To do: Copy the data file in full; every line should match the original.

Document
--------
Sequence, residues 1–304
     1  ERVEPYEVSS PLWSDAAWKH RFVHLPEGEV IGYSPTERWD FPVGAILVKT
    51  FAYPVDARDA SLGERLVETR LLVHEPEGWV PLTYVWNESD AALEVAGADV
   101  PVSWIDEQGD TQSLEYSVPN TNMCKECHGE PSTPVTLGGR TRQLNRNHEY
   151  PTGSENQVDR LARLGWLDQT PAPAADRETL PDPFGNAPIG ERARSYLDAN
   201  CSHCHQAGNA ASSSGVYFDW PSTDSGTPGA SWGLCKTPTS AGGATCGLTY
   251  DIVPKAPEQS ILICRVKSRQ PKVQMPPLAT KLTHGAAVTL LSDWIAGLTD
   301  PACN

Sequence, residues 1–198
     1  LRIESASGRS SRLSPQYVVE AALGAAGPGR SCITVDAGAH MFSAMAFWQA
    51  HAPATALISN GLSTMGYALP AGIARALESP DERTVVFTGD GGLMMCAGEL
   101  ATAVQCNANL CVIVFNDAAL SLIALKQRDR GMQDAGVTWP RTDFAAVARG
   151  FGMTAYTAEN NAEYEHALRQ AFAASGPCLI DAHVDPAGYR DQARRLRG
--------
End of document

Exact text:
Sequence, residues 1–304
     1  ERVEPYEVSS PLWSDAAWKH RFVHLPEGEV IGYSPTERWD FPVGAILVKT
    51  FAYPVDARDA SLGERLVETR LLVHEPEGWV PLTYVWNESD AALEVAGADV
   101  PVSWIDEQGD TQSLEYSVPN TNMCKECHGE PSTPVTLGGR TRQLNRNHEY
   151  PTGSENQVDR LARLGWLDQT PAPAADRETL PDPFGNAPIG ERARSYLDAN
   201  CSHCHQAGNA ASSSGVYFDW PSTDSGTPGA SWGLCKTPTS AGGATCGLTY
   251  DIVPKAPEQS ILICRVKSRQ PKVQMPPLAT KLTHGAAVTL LSDWIAGLTD
   301  PACN

Sequence, residues 1–198
     1  LRIESASGRS SRLSPQYVVE AALGAAGPGR SCITVDAGAH MFSAMAFWQA
    51  HAPATALISN GLSTMGYALP AGIARALESP DERTVVFTGD GGLMMCAGEL
   101  ATAVQCNANL CVIVFNDAAL SLIALKQRDR GMQDAGVTWP RTDFAAVARG
   151  FGMTAYTAEN NAEYEHALRQ AFAASGPCLI DAHVDPAGYR DQARRLRG